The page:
Shortly after it's said that "we get to define" our formula for S and so choose to state it as a log because the number of states will be "really large". However, if the log were not included then the statistical (Boltzmann) formula for entropy would not be equivalent to the classical formula ∆S = Q/T. So including the log is required. It's not actually choice that we make. Can you offer another explanation for why the log is included in the statistical (Boltzmann) formula? Does it have something to do with the fact that the increase in entropy slows as temperature increases? What are your thoughts?
    (3 votes)
    Default Khan Academy avatar avatar for user
    • male robot hal style avatar for user Andrew M
      I am not strong on this topic, so maybe someone else who know more will weigh in. But, yeah, I think it's not correct to suggest we get to just pull a definition of S out of the air and make it logarithmic because that's convenient. I think it has to be logarithmic for the reason you suggest - it HAS to reconcile with previous understanding of entropy.
      (1 vote)
  • blobby green style avatar for user Quinn Lee
    If S is a state function which represents the number of microstates that a system can take at any one time, and OMEGA also represents the total number of (micro)states that a system can take at any one time, then what is the difference between S and OMEGA?
    (2 votes)
    Default Khan Academy avatar avatar for user
    • spunky sam blue style avatar for user Jay Smith
      S is a function of omega, proportional to the logarithm of it. It actually works like this. Suppose you have a system in a well defined MACROstate, described by P, V, T, U, and whatever else. Then S, for that macrotstate, is k times the log of omega where omega is the number of different MICROscopic arrangements of the particles that will produce that macrostate. Here's a simple example: say your system is a pair of dice, one red and one green, and its "macroscopic" state is 5. Then S=k ln4, since there are 4 "microscopic" states that give a 5, namely r1g4, r2g3, r3g2, and r4g1.
      (2 votes)

Video transcript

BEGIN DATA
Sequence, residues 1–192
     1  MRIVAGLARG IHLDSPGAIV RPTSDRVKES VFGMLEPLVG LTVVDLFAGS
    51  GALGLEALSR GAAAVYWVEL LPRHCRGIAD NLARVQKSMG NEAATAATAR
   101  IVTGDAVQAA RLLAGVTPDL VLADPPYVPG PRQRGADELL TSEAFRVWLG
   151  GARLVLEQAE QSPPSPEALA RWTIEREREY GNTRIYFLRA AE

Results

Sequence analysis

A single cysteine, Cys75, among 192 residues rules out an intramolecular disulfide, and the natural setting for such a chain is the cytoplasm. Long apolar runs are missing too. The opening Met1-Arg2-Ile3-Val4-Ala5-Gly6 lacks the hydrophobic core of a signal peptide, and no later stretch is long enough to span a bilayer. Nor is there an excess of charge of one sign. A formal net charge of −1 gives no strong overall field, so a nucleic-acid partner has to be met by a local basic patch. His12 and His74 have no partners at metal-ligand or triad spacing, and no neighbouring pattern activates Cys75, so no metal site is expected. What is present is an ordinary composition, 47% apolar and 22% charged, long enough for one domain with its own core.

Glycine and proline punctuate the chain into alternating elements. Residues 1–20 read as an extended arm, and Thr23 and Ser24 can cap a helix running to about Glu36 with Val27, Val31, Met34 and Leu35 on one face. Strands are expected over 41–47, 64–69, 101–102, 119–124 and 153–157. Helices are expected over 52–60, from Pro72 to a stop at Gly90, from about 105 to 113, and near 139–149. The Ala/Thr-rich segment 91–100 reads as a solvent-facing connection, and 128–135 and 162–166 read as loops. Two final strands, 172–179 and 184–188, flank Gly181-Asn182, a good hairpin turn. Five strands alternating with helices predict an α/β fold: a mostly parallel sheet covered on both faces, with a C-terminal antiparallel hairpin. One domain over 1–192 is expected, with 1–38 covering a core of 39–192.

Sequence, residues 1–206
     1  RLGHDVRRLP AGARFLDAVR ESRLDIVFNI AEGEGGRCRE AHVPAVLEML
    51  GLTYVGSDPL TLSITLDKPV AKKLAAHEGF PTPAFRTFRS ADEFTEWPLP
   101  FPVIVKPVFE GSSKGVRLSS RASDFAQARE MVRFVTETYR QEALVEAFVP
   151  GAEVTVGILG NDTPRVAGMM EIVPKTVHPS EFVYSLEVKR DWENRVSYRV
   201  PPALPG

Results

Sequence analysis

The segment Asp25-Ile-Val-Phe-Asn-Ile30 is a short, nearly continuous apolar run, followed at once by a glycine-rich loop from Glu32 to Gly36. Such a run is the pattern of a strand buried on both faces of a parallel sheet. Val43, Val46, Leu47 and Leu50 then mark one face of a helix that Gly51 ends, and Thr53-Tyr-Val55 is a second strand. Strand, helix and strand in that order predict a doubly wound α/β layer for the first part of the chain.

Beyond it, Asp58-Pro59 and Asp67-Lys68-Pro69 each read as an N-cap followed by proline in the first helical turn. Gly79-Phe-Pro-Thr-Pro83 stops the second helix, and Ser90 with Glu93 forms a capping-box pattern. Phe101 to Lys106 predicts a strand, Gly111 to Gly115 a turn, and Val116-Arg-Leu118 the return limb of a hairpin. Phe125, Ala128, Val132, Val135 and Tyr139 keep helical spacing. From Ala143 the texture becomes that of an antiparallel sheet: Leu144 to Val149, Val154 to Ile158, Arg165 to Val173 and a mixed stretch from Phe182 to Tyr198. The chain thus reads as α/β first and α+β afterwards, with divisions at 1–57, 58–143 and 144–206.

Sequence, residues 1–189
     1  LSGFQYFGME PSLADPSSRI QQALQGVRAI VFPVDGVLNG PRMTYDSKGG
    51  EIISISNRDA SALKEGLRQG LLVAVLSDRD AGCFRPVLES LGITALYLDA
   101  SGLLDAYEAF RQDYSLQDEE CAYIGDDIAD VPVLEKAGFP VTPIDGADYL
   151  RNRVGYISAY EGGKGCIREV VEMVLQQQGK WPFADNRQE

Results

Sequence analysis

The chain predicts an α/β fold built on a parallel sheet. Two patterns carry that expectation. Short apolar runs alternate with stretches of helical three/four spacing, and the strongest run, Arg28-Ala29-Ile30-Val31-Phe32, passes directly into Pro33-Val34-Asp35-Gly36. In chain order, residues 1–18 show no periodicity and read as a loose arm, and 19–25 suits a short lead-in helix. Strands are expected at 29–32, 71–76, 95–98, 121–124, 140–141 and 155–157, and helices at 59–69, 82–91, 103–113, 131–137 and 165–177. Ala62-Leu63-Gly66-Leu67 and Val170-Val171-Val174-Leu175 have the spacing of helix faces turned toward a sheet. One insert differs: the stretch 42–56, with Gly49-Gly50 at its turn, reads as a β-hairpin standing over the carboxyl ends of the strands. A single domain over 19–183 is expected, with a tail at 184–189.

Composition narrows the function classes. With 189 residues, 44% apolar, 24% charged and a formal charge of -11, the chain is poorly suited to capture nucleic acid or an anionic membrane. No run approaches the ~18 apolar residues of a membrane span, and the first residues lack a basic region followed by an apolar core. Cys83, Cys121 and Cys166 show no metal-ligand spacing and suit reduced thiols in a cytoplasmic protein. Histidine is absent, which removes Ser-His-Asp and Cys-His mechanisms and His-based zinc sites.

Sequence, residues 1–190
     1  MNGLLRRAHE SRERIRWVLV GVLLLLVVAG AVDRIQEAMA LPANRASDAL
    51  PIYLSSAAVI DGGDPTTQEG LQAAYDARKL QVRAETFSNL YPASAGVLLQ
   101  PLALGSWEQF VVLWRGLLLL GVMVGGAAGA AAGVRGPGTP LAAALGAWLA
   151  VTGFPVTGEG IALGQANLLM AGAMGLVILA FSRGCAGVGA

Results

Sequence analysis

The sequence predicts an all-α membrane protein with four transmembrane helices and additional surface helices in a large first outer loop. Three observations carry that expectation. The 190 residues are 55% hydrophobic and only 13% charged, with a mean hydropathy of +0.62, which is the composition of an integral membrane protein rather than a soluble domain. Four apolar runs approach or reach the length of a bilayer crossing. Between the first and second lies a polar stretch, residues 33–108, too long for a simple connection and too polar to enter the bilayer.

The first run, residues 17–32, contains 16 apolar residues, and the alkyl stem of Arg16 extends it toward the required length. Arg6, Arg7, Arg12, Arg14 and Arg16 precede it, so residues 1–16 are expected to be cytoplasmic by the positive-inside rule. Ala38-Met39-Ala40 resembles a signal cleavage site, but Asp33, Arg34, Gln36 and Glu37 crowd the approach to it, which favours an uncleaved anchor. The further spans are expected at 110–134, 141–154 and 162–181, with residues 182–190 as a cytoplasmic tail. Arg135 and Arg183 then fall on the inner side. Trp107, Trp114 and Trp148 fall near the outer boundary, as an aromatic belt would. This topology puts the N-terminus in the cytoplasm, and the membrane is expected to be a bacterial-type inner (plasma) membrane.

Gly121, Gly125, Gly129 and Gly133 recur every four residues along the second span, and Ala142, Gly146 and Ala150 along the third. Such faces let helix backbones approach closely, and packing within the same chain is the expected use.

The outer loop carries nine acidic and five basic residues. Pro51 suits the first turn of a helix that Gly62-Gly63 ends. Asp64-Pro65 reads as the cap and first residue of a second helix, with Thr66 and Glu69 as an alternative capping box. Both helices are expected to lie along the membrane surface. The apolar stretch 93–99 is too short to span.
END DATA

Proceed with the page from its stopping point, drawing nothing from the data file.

If you followed some of the mathematics, and some of the thermodynamic principles in the last several videos, what occurs in this video might just blow your mind. So not to set expectations too high, let's just start off with it. So let's say I have a container. And in that container, I have gas particles. Inside of that container, they're bouncing around like gas particles tend to do, creating some pressure on the container of a certain volume. And let's say I have n particles. Now, each of these particles could be in x different states. Let me write that down. What do I mean by state? Well, let's say I take particle A. Let me make particle A a different color. Particle A could be down here in this corner, and it could have some velocity like that. It could also be in that corner and have a velocity like that. Those would be two different states. It could be up here, and have a velocity like that. It could be there and have a velocity like that. If you were to add up all the different states, and there would be a gazillion, of them, you would get x. That blue particle could have x different states. You don't know. We're just saying, look. I have this container. It's got n particles. So we just know that each of them could be in x different states. Now, if each of them can be in x different states, how many total configurations are there for the system as a whole? Well, particle A could be in x different states, and then particle B could be in x different places. So times x. If we just had two particles, then you would multiply all the different places where X could be times all the different places where the red particle could be, then you'd get all the different configurations for the system. But we don't have just two particles. We have n particles. So for every particle, you'd multiply it times the number of states it could have, and you do that a total of n times. And this is really just combinatorics here. You do it n times. This system would have n configurations. For example, if I had two particles, each particle had three different potential states, how many different configurations could there be? Well, for every three that one particle could have, the other one could have three different states, so you'd have nine different states. You'd multiply them. If you had another particle with three different states, you'd multiply that by three, so you have 27 different states. Here we have n particles. Each of them could be in x different states. So the total number of configurations we have for our system-- x times itself n times is just x to the n. So we have x to the n states in our system. Now, let's say that we like thinking about how many states a system can have. Certain states have less-- for example, if I had fewer particles, I would have fewer potential states. Or maybe if I had a smaller container, I would also have fewer potential states. There would be fewer potential places for our little particles to exist. So I want to create some type of state variable that tells me, well, how many states can my system be in? So this is kind of a macrostate variable. It tells me, how many states can my system be in? And let's call it s for states. For the first time in thermodynamics, we're actually using a letter that in some way is related to what we're actually trying to measure. s for states. And since the states, they can grow really large, let's say I like to take the logarithm of the number of states. Now this is just how I'm defining my state variable. I get to define it. So I get to put a logarithm out front. So let me just put a logarithm. So in this case, it would be the logarithm of my number of states-- so it would be x to the n, where this is number of potential states. And you know, we need some kind of scaling factor. Maybe I'll change the units eventually. So let me put a little constant out front. Every good formula needs a constant to get our units right. I'll make that a lowercase k. So that's my definition. I call this my state variable. If you give me a system, I should, in theory, be able to tell you how many states the system can take on. Fair enough. So let me close that box right there. Now let's say that I were to take my box that I had-- let me copy and paste it. I take that box. And it just so happens that there was an adjacent box next to it. They share this wall. They're identical in size, although what I just drew isn't identical in size. But they're close enough. They're identical in size. And what I do, is I blow away this wall. I just evaporate it, all of a sudden. It just disappears. So this wall just disappears. Now, what's going to happen? Well, as soon as I blow away this wall, this is very much not an isostatic process. Right? All hell's going to break loose. I'm going to blow away this wall, and you know, the particles that were about to bounce off the wall are just going to keep going. Right? They're going to keep going until they can maybe bounce off of that wall. So right when I blow away this wall, there's no pressure here, because these guys have nothing to bounce off to. While these guys don't know anything. They don't know anything until they come over here and say, oh, no wall. So the pressure is in flux. Even the volume is in flux, as these guys make their way across the entire expanse of the new volume. So everything is in flux. Right? And so what's our new volume? If we call this volume, what's this? This is now 2 times the volume. Let's think about some of the other state variables we know. We know that the pressure is going to go down. We can even relate it, because we know that our volume is twice it. Is 2 times the volume. What about the temperature? Well, the temperature change. Temperature is average kinetic energy, right? Or it's a measure of average kinetic energy. So all of these molecules here, each of them have kinetic energy. They could be different amounts of kinetic energy, but temperature is a measure of average kinetic energy. Now, if I blow away this wall, does that change the kinetic energy of these molecules? No! It doesn't change it at all. So the temperature is constant. So if this is T1, then the temperature of this system here is T1. And you might say, hey, Sal, wait, that doesn't make sense. In the past, when my cylinder expanded, my temperature went down. And the reason why the temperature went down in that case is because your molecules were doing work. They expanded the container itself. They pushed up the cylinder. So they expended some of their kinetic energy to do the work. In this case, I just blew away that wall. These guys did no work whatsoever, so they didn't have to expend any of their kinetic energy to do any work. So their temperature did not change. So that's interesting. Fair enough. Well, in this new world, what happens? Eventually I get to a situation where my molecules fill the container. Right? We know that from common sense. And if you think about it on a microlevel, why does that happen? It's not a mystery. You know, on this direction, things were bouncing and they keep bouncing. But when they go here, there used to be a wall, and then they'll just keep going, and then they'll start bouncing here. So when you have gazillion particles doing a gazillion of these bounces, eventually, they're just as likely to be here as they are over there. Now. Let's do our computation again. In our old situation, when we just looked at this, each particle could be in one of x places, or in one of x states. Now it could be in twice as many states, right? Now, each particle could be in 2x different states. Why do I say 2x? Because I have twice the area to be in. Now, the states aren't just, you know, position in space. But everything else-- so, you know, before here, maybe I had a positions in space times b positions, or b momentums, you know, where those are all the different momentums, and that was equal to x. Now I have 2a positions in volume that I could be in. I have twice the volume to deal with. So I have 2a positions in volume I can be at, but my momentum states are going to still be-- I just have b momentum states-- so this is equal to 2x. I now can be in 2x different states, just because I have 2 times the volume to travel around in, right? So how many states are there for the system? Well, each particle can be in 2x states. So this is 2x times 2x times 2x. And I'm going to do that n times. So my new s-- so this is, you know, let's call this s initial-- so my s final, my new way of measuring my states, is going to be equal to that little constant that I threw in there, times the natural log of the new number of states. So what is it? It's 2x to the n power. So my question to you is, what is my change in s when I blew away the wall? You know, there was this room here the entire time, although these particles really didn't care because this wall was there. So what is the change in s when I blew away this wall? And this should be clear. The temperature didn't change, because no kinetic energy was expended. And this is all in isolation. I should have said. It's adiabatic. There's no transfer of heat. So that's also why the temperature didn't change. So what is our change in s? Our change in s is equal to our s final minus our s initial, which is equal to-- what's our s final? It's this expression, right here. It is k times the natural log--and we can write this as 2 to the n, x to the n. That's just exponent rules. And from that, we're going to subtract out our initial s value, which was this. k natural log of x to the n. Now we can use our logarithm properties to say, well, you know, you take the logarithm of a minus the logarithm of b, you can just divide them. So this is equal to k-- you could factor that out-- times the logarithm of 2 to the N-- it's uppercase N, so let me do that. This is uppercase N. I don't want to get confused with Moles. Uppercase N is the number of particles we actually have. So it's 2 to upper case N times x to the uppercase N divided by x to the uppercase N. So these two cancel out. So our change in s is equal to k times the natural log of 2 to the N-- or, if we wanted to use our logarithm properties, we could throw that N out front. And we could say, our change in the s, whatever this state variable I've defined-- and this is a different definition than I did in the last video-- is equal to big N, the number of molecules we have, times my little constant, times the natural log of 2. So by blowing away that wall and giving my molecules twice as much volume to travel around in, my change in this little state function I defined is Nk the natural log of 2. And what really happened? I mean, it clearly went up, right? I clearly have a positive value here. Natural log of 2 is a positive value. N is positive value. It's going to be very large number than the number of molecules we had. And I'm assuming my constant I threw on there is a positive value. But what am I really describing? I'm saying that look, by blowing away that wall, my system can take on more states. There's more different things it can do. And I'll throw a little word out here. Its entropy has gone up. Well, actually, let's just define s to be the word entropy. We'll talk more about the word in the future. Its entropy has gone up, which means the number of states we have has gone up. I shouldn't use the word entropy without just saying, entropy I'm defining as equal to S. But let's just keep it with s. s for states. The number of states we're dealing with has gone up, and it's gone up by this factor. Actually, it's gone up by a factor of 2 to the n. And that's why it becomes n natural log of 2. Fair enough. Now you're saying, OK. This is nice, Sal. You have this statistical way, or I guess you could, this combinatoric way of measuring how many states this system can take on. And you looked at the actual molecules. You weren't looking at the kind of macrostates. And you were able to do that. You came up with this macrostate that says, that's essentially saying, how many states can I have? But how does that relate to that s that defined in the previous video? Remember, in the previous video, I was looking for state function that dealt with heat. And I defined s, or change in s-- I defined as change in s-- to be equal to the heat added to the system divided by the temperature that the heat was added at. So let's see if we can see whether these things are somehow related. So let's go back to our system, and go to a PV diagram, and see if we can do anything useful with that. Alright. OK. So this is pressure, this is volume. Now. When we started off, before we blew away the wall, we had some pressure and some volume. So this is V1. And then we blew away the wall, and we got to-- Actually, let me do it a little bit differently. I want that to be just right there. Let me make it right there. So that is our V1. This is our original state that we're in. So state initial, or however we want it. That's our initial pressure. And then we blew away the wall, and our volume doubled, right? So we could call this 2V1. Our volume doubled, our pressure would have gone down, and we're here. Right? That's our state 2. That's this scenario right here, after we blew away the wall. Now, what we did was not a quasistatic process. I can't draw the path here, because right when I blew away the wall, all hell broke loose, and things like pressure and volume weren't well defined. Eventually it got back to an equilibrium where this filled the container, and nothing else was in flux. And we could go back to here, and we could say, OK, now the pressure and the volume is this. But we don't know what happened in between that. So if we wanted to figure out our Q/T, or the heat into the system, we learned in the last video, the heat added to the system is equal to the work done by the system. We'd be at a loss, because the work done by the system is the area under some curve, but there's no curve to speak of here, because our system wasn't defined while all the hell had broke loose. So what can we do? Well, remember, this is a state function. And this is a state function. And I showed that in the last video. So it shouldn't be dependent on how we got from there to there. Right? So this change in entropy-- actually, let me be careful with my words. This change in s, so s2 minus s1, should be independent of the process that got me from s1 to s2. So this is independent of whatever crazy path-- I mean, I could have taken some crazy, quasistatic path like that, right? So any path that goes from this s1 to this s2 will have the same heat going into the system, or should have the same-- let me take that-- Any system that goes from s1 to s2, regardless of its path, will have the same change in entropy, or their same change in s. Because their s was something here, and it's something different over here. And you just take the difference between the two. So what's a system that we know that can do that? Well, let's say that we did an isothermal. And we know that these are all the same isotherm, right? We know that the temperature didn't change. I told you that. Because no kinetic energy was expended, and none of the particles did any work. So we can say, we can think of a theoretical process in which instead of doing something like that, we could have had a situation where we started off with our original container with our molecules in it. We could have put a reservoir here that's equivalent to the temperature that we're at. And then this could have been a piston that was maybe, we were pushing on it with some rocks that are pushing in the left-wards direction. And we slowly and slowly remove the rocks, so that these gases could push the piston and do some work, and fill this entire volume, or twice the volume. And then the temperature would have been kept constant by this heat reservoir. So this type of a process is kind of a sideways version of what I've done in the Carnot diagrams. That would be described like this. You'd go from this state to that state, and it would be a quasistatic static process along an isotherm. So it would look like that. So you could have a curve there. Now, for that process, what is the area under the curve there? Well, the area under the curve is just the integral-- and we've done this multiple times-- from our initial volume to our second volume, which is twice it, of p times our change in volume, right? p is our height, times our little changes in volume, give us each rectangle. And then the integral is just the sum along all of these. So that's essentially the work that this system does. Right? And the work that this system does, since we are on an isotherm, it is equal to the heat added to the system. Because our internal energy didn't change. So what is this? We've done this multiple times, but I'll redo it. So this is equal to the integral of V1 to 2V1. PV equals NRT, right? NRT. So P is equal to NRT/V. NRT over V dv. And the t is T1. Now, all of this is happening along an isotherm, so all of these terms are constant. So this is equal to the integral from V1 to 2V1 of NRT1 times 1 over V dv. I've done this integral multiple times. And so this is equal to-- I'll skip a couple of steps here, because I've done it in several videos already-- the natural log of 2V1 over V1, right? The antiderivative of this is the natural log. Take the natural log of that minus the natural log of that, which is equal to the natural log of 2V1 over V1. Which is just the same thing as NRT1 times the natural log of 2. Interesting. Now, let's add one little one little interesting thing to this to this equation. So this is NRT, but if I wanted to write in terms of the number of molecules, N is the number of moles. So I could rewrite N as the number of molecules we have divided by, 6 times 10 to the 23 power. Right? That's what n could be written as. So if we do it that way, then what is our-- remember, all of this, we were trying to find the amount of work done by our system. Right? But if we do it this way, this equation will turn into-- so let's see. The work done by our system-- this is our quasistatic processes that's going from this state to that state, but it's doing it in a quasistatic way, so that we can get an area under the curve. So the work done by this system is equal to-- I'll just write it. N times R over 6 times 10 to the 23, times T1 natural log of 2. Fair enough. Let's make this into some new constant. For convenience, let me call it a lowercase k. So the work we did is equal to the number of particles we had, times some new constant-- we'll call that Boltzmann constant, so it's really just 8 divided by that. Times T1, times the natural log of 2. Fair enough. Now, that's only in this situation. The other situation did no work, right? So I can't talk about this system doing any work. But this system did do some work. And since it did it along an isotherm, delta-- the change in internal energy is equal to 0, so the change in internal energy, which is equal to the heat applied to the system minus the work done by the system-- this is going to be equal to 0, since our temperature didn't change. So the work is going to be equal to the heat added to the system. So the heat added to the system by our little reservoir there is going to be-- so the heat is going to be the number of particles we had times Boltzmann constant, times our temperature that we're on the isotherm, times the natural log of 2. And all this is a byproduct of the fact that we doubled our volume. Now, in the last video, I defined change in s as equal to Q divided by the heat added, divided by the temperature at which I'm adding it. So for this system, this quasistatic system, what was the change in s? How much did our s-term, our s-state, change by? So change in s is equal to heat added divided by our temperature. Our temperature is T1, so that's equal to this thing. Nk T1 times the natural log of 2, all of that over T1. So our delta-- these cancel out. And our change in our s-quantity is equal to Nk times the natural log of 2. Now, you should be starting to experience an a-ha moment. When we defined in the previous video, we were just playing with thermodynamics, and we said, gee, we'd really like to have a state variable that deals with heat, and we just made up this thing right here that said, change in that state variable is equal to the heat applied to the system divided by the temperature at which the heat was applied. And when we use that definition the change in our s-value from this position to this position, for a quasi-static process, ended up being this. Nk natural log of 2. Now, this is a state function. State variable. It's not dependent on the path. So any process that gets from here, that gets from this point to that point, has to have the same change in s. So the delta s for any process is going to be equal to that same value, which was N, in this case, k, times the natural log of 2. Any system, by our definition, right? It's the state variable. I don't care whether it disappeared, or the path was some crazy path. It's a state. It's only a function of that and of that, our change in s. So given that, even this system-- we said that this system that we started the video out with, it started off at this same V1, and it got to the same V2. So by the definition of the previous video, by this definition, its change in s is going to be the number of molecules times some constant times the natural log of 2. Now, that's the same exact result we got when we thought about it from a statistical point of view, when we were saying, how many more different states can the system take on? And what's mind-blowing here is that what we started off with was just kind of a nice, you know, macrostate in our little Carnot engine world, that we didn't really know what it meant. But we got the same exact result that when we try to do it from a measuring the number of states the system could take on. So all of this has been a long, two-video-winded version of an introduction to entropy. And in thermodynamics, a change in entropy-- entropy is s, or I think of it, s for states-- the thermodynamic, or Carnot cycle, or Carnot engine world, is defined as the change in entropy is defined as the heat added to the system divided by the temperature at which it was added. Now, in our statistical mechanics world, we can define entropy as some constant-- and it's especially convenient, this is Boltzmann's constant-- some constant times the natural log of the number of states we have. Sometimes it's written as omega, sometimes other things. But this time, it's the number of states we have. And what just showed in this video is, these are equivalent definitions. or. At least for that one case I just showed you. These are equivalent definitions. When we used the number of states for this, how much did it increase, we got this result. And then when we used the thermodynamic definition of it, we got that same result. And if we assume that this constant is the same as that constant, if they're both Boltzmann's constant, both 1.3 times 10 to the minus 23, then our definitions are equivalent. And so the intuition of entropy-- in the last one, we were kind of struggling with that. We just defined it this way, but we were like, what does that really mean? What change in entropy means, is just how many more states can the system take on? You know, sometimes when you learn it in your high school chemistry class, they'll call it disorder. And it is disorder. But I don't want you to think that somehow, you know, a messy room has higher entropy than a clean room, which some people sometimes use as an example. That's not the case. What you should say is, is that a stadium full of people has more states than a stadium without people in it. That has more entropy. Or actually, I should even be careful there. Let me say, a stadium at a high temperature has more entropy than the inside of my refrigerator. That the particles in that stadium have more potential states than the particles in my refrigerator. Now I'm going to leave you there, and we're going to take our definitions here, which I think are pretty profound-- this and this is the same definition-- and we're going to apply that to talk about the second law of thermodynamics. And actually, just a little aside. I wrote omega here, but in our example, this was 2 to the N. And so that's why it's simplified. This was x the first time, and then the second time, when we double the size of our room, or our volume, it was x to the N times 2 to N. I just want to make sure you realize what omega relates to, relative to what I just went through. Anyway, see you in the next video.